I'm trying to use L'Hopital's rule to calculate:

$$\lim_{x \to 0^+} \dfrac{x - \sin x}{(x \sin x)^{(3/2)}}$$

Taking a couple of derivatives of the denominator gets quite nasty, so I'd like to find a simpler way to do it.

I would like to make a change of variable, say, $t = \sqrt{x \sin x}$, to get a $t^3$ in the denominator. Unfortunately, that leaves me with problems in the numerator. Maybe there is some other manipulation or some trig identity that simplifies things that I am missing? This shouldn't be a difficult problem, but I can't seem to find a slick way to do it.

The answer is given as $\frac{1}{6}$. Thanks for your help.

  • $\begingroup$ I added a 2nd answer alongside my first. The new answer is better. $\endgroup$ – alex.jordan Apr 13 '12 at 2:27

Instead of taking multiple derivatives, maybe stop after the taking one derivative. Then think about what to do with the $1-\cos x$ in the numerator. Perhaps you know what $$ \lim_{x\rightarrow 0}\frac{1-\cos x}{x^2} $$ is? If not, try multiplying numerator and denominator by $1+\cos x$.

  • $\begingroup$ I'm not sure I see where this gets me. I take the first derivative and have $\dfrac{1 - \cos x}{\frac{3}{2} \sqrt{x \sin x} (x \cos x + \sin x)}.$ I can certainly get $\lim_{x \to 0} \frac{1 - \cos x}{x^2} = \frac{1}{2}$. I'm sure I'm missing something here. $\endgroup$ – user23784 Apr 13 '12 at 2:12
  • $\begingroup$ Pull the $x^2$ out of the denominator. $\endgroup$ – Will Orrick Apr 13 '12 at 2:14
  • $\begingroup$ Sorry, I must be being dense (too many hours at the library today, no doubt), but then I have: $$\left(\dfrac{1 - \cos x}{x^2}\right) \left(\dfrac{2x^{3/2}}{3 \sqrt{\sin x} (x \cos x + \sin x)}\right)$$ If I'm not messing something up. I'm not sure I see that second term as an improvement. $\endgroup$ – user23784 Apr 13 '12 at 2:23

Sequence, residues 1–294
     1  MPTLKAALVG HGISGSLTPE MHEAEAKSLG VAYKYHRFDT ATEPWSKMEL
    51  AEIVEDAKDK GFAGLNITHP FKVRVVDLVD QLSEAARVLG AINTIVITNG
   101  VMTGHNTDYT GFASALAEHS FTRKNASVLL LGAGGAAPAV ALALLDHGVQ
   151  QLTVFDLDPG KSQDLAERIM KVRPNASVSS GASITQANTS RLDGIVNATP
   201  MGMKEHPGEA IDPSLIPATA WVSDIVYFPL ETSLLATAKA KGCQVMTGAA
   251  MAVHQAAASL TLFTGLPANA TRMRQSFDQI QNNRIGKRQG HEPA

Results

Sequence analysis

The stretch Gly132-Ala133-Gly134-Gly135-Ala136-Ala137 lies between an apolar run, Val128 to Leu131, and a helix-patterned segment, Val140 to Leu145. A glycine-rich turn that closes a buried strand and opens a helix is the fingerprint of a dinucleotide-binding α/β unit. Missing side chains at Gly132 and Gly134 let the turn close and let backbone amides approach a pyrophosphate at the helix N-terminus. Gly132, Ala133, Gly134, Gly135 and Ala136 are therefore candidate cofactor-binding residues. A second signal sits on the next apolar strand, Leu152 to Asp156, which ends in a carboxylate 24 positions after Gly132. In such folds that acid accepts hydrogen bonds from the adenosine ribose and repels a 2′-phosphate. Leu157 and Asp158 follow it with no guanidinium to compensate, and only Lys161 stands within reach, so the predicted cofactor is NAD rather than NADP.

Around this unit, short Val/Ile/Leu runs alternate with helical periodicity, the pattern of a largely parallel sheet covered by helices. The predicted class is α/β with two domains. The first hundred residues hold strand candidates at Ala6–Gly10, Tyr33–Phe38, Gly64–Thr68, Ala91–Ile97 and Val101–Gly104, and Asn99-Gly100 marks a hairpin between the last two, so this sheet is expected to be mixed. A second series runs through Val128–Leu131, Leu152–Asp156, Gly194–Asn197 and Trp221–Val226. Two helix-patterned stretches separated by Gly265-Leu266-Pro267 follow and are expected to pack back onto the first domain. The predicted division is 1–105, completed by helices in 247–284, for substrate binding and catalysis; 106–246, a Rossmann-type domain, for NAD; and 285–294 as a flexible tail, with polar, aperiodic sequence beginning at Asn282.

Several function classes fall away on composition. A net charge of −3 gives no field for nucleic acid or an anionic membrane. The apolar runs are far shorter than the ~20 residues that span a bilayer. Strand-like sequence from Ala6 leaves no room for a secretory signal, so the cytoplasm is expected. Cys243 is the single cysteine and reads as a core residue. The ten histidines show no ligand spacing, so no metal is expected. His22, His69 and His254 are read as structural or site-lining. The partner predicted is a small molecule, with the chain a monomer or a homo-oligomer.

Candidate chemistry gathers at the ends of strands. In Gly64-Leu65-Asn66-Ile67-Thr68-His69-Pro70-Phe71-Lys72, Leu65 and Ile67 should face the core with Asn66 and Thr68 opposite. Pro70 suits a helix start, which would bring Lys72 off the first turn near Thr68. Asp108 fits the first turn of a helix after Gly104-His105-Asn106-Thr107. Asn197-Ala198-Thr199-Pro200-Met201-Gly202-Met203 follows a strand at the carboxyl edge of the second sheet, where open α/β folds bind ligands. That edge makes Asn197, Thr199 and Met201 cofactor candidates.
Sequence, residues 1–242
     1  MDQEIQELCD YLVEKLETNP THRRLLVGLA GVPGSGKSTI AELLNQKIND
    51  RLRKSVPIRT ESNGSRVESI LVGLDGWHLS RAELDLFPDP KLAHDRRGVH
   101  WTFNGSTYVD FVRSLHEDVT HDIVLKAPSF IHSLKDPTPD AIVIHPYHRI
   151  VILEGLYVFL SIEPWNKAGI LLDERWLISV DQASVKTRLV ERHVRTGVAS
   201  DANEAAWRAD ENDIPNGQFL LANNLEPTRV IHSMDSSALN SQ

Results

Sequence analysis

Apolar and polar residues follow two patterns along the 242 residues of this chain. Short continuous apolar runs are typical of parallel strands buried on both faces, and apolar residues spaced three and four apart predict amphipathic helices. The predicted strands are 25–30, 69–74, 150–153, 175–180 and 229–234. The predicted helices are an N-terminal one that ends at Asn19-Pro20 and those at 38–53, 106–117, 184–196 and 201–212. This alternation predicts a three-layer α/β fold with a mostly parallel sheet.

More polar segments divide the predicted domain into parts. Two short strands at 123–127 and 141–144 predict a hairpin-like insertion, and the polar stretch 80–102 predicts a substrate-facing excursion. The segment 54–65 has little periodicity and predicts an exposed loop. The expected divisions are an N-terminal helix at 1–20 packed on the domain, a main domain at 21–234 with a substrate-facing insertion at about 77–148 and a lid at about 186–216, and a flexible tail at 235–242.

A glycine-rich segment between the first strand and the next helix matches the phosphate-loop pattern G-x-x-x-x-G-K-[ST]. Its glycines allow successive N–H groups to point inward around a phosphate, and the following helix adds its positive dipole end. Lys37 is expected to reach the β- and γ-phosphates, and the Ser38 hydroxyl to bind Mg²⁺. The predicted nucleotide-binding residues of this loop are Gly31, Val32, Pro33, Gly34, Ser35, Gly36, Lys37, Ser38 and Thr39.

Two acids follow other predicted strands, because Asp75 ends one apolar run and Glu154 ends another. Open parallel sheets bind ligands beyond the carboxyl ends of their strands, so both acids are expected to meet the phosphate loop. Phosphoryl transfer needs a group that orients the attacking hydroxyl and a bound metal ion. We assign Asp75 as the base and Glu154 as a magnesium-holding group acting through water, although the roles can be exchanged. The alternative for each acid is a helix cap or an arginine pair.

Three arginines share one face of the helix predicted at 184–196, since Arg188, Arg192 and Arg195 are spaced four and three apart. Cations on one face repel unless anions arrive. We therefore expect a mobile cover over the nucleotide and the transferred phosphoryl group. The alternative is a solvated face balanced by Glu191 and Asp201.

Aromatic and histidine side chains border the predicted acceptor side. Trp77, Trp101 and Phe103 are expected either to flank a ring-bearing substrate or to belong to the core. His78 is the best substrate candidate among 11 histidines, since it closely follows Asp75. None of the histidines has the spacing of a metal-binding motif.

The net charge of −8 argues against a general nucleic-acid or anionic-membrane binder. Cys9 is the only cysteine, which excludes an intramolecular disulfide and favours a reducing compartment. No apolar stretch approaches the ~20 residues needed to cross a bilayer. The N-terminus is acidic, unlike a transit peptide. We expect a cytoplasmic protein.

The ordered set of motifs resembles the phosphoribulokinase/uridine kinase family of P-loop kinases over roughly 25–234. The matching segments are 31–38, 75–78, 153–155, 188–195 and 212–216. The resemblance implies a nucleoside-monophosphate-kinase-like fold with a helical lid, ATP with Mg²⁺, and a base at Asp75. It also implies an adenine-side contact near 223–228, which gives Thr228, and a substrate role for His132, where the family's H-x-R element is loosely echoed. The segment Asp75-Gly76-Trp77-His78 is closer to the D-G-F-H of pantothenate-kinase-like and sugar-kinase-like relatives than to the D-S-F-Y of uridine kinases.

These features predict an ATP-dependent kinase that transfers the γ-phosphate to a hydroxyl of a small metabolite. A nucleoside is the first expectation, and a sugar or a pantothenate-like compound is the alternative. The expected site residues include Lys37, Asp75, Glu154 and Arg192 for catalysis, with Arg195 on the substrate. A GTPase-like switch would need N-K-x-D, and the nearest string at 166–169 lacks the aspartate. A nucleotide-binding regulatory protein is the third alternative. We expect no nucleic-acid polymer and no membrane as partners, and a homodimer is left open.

• $\begingroup$ Apportion the $x^{3/2}$ appropriately between the factors in the denominator and then evaluate the limits of those factors separately. $\endgroup$ – Will Orrick Apr 13 '12 at 2:26
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    $\begingroup$ yup. Just saw it as you posted that. Thanks, great solution. $\endgroup$ – user23784 Apr 13 '12 at 2:26

It might be appropriate to use the limits or infinitesimal properties of $\sin x$ at $x=0$

$${x- \sin x} \sim \frac{x^3}{3!}$$


$$\mathop {\lim }\limits_{x \to {0^ + }} \frac{{\sin x - x}}{{{{\left( {x\sin x} \right)}^{\frac{3}{2}}}}} = \frac{1}{6}\mathop {\lim }\limits_{x \to {0^ + }} \frac{{{x^3}}}{{{{\left( {x\sin x} \right)}^{\frac{3}{2}}}}}$$


$$\frac{1}{6}\mathop {\lim }\limits_{x \to {0^ + }} \frac{{{x^3}}}{{{{\left( {x\sin x} \right)}^{\frac{3}{2}}}}} = \frac{1}{6}{\left( {\mathop {\lim }\limits_{x \to {0^ + }} \frac{x}{{\sqrt {x\sin x} }}} \right)^3} = \frac{1}{6}{\left( {\mathop {\lim }\limits_{x \to {0^ + }} \sqrt {\frac{x}{{\sin x}}} } \right)^3}$$

Using the known limit $$\frac{x}{{\sin x}} \to 1$$

one has

$$\mathop {\lim }\limits_{x \to {0^ + }} \frac{{\sin x - x}}{{{{\left( {x\sin x} \right)}^{\frac{3}{2}}}}} = \frac{1}{6}$$

  • $\begingroup$ Yeah, this definitely works. I was hoping for a way to apply L'Hopital's directly. $\endgroup$ – user23784 Apr 13 '12 at 2:09
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    $\begingroup$ @rar L'Hopitals is overrated. $\endgroup$ – Pedro Tamaroff Apr 13 '12 at 2:09

First answer:

Try squaring the function first. The limit of $f^2$ will exist, and may be less messy via L'Hospital, although it will take more (twice as many) iterations. Then you'll need to decide which square root to take. But surely this $f$ is positive for small $x$.

Better answer: Assuming you know $\lim_{x\to0}\frac{\sin(x)}{x}=1$ (which you certainly do if LH is available), use that to your advantage to remove $\sin$ from the denominator:

$$ \begin{align} \lim_{x\to0^+}\frac{x-\sin x}{(x\,\sin x)^{3/2}}&=\lim_{x\to0^+}\frac{x-\sin x}{(x\,\sin x)^{3/2}}\cdot\left(\frac{\sin x}{x}\right)^{3/2}\\&=\lim_{x\to0^+}\frac{x-\sin x}{x^3} \end{align} $$

Now L'Hospital is a cake walk.

  • $\begingroup$ Ah, yes that works very nicely as well. It all seems so obvious now... $\endgroup$ – user23784 Apr 13 '12 at 2:28

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